As Baghdad falls and the U.S. begins efforts to structure an interim Iraqi government, one key question remains: Where is Saddam Hussein? Did the U.S. Air Force seal his fate under a residential building earlier this week?
While the suspense lingers, the action begs comparison with the Israeli front. HonestReporting has recently exposed double standards in media coverage of suicide bombings and checkpoint accidents; this time, it’s aerial strikes against terrorist masterminds.
The parallel events:
— On Monday, acting upon intelligence indicating Saddam Hussein’s whereabouts, a U.S. B1-B aircraft dropped four 2,000 lb. bombs on a West Baghdad building. While Saddam’s status remains unknown, at least 10 civilians died under four collapsed structures.
— On Tuesday, acting upon intelligence indicating the whereabouts of Hamas terror leader Sa’id Arabid, the Israeli Air Force struck Arabid’s car with missiles, leaving Arabid, his Hamas partner and four others dead. Arabid was Hamas’ replacement for Salah Shehadeh, who was killed in his Gaza apartment by an Israeli F-16 last July; 14 others died in that strike.
The media spin:
— In Iraq, the major media almost uniformly highlighted the remarkable intelligence gathered by the CIA, the swiftness of the B1-B’s call to duty, and a U.S. spokesman’s proud declaration that “a leadership target was hit very hard.” The civilian death toll was typically relegated to the end of reports, if mentioned at all.
— In the Shehadeh incident, however, Israel was censured by the Western press from London to California for the “atrocity” (BBC and Hartford Courant), an “indefensible and indiscriminate attack” (Milwaukee Journal-Sentinel) that itself constituted “unspeakable terror” (San Jose Mercury News).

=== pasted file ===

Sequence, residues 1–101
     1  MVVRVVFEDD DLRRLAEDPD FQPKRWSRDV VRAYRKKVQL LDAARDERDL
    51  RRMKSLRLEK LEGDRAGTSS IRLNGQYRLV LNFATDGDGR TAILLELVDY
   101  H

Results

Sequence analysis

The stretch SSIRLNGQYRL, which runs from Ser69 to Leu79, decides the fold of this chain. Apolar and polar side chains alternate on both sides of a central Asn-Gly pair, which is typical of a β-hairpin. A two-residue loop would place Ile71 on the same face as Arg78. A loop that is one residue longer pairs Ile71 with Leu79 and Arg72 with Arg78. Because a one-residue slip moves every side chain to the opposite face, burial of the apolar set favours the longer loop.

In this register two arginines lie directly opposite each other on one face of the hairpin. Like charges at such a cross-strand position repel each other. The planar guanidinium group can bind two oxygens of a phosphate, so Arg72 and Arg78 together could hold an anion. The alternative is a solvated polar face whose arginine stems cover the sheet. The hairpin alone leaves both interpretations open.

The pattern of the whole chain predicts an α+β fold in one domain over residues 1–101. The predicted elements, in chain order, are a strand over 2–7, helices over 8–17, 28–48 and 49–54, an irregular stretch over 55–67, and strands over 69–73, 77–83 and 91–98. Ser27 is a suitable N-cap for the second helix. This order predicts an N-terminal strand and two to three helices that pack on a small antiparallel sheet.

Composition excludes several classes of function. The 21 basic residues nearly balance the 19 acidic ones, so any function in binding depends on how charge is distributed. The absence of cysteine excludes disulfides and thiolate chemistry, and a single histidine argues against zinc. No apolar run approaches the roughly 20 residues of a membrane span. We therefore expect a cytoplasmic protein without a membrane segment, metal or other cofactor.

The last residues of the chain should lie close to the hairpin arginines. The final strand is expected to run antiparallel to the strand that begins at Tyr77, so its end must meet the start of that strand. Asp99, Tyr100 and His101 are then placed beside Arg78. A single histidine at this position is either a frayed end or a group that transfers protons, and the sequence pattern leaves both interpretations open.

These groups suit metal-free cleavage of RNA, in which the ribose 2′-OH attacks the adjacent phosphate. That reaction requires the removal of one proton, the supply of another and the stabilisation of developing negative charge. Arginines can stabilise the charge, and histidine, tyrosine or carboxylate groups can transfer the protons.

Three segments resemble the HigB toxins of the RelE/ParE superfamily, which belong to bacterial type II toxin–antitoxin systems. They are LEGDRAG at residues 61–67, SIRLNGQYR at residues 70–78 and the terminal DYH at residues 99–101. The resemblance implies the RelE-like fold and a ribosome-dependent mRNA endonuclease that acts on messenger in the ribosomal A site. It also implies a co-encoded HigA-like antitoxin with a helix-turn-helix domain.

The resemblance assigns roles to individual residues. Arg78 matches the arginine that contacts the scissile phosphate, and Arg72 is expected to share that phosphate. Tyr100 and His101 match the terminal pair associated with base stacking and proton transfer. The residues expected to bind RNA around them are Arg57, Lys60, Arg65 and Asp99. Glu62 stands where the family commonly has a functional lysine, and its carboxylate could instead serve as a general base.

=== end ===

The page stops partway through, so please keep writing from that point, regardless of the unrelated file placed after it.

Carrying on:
See the original HonestReporting critique:
At the time, White House spokesman Ari Fleisher condemned the Israeli strike as a “heavy-handed action that is not consistent with dedication to peace in the Middle East.” When pointedly asked to justify the difference between Israel’s Gaza action and U.S. Afghanistan efforts (seaborne Tomahawk missiles fired at terror-leader compounds), Fleisher stated: “It is inaccurate to compare the two. And the crucial difference here being that in this instance, in Gaza, this was a deliberate attack against a building in which civilians were known to be located. And that does separate it from the [American] activities taken.”
See Fleisher’s widely quoted statements at:
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In the wake of 9/11, a Western consensus emerged that the evil of terrorism threatens entire democratic populations. In response, both the Israeli and U.S. governments reached the operative conclusion that terrorism must be fought with military means. Civilians, used contemptuously by terrorists as human shields, often pay the unfortunate price of these military efforts.
Given this important common ground, why does the media apply two standards — the Israel-standard and the U.S. coalition-standard — when covering military strikes against terror leaders? When it comes to reporting armed defense against terror, does Israel form a black hole, warping the media’s moral compass?
HonestReporting was established on the intuitive belief that Israel does not receive fair media coverage, but until now we lacked a solid benchmark to confirm the bias. The Iraq war provides that benchmark, confirming the contention that it was not specific tactics that the media objected to, but rather that Israel was using them.
HonestReporting encourages members to monitor your local media to see how they are reporting targeted strikes against terror leaders, and the collateral civilian deaths.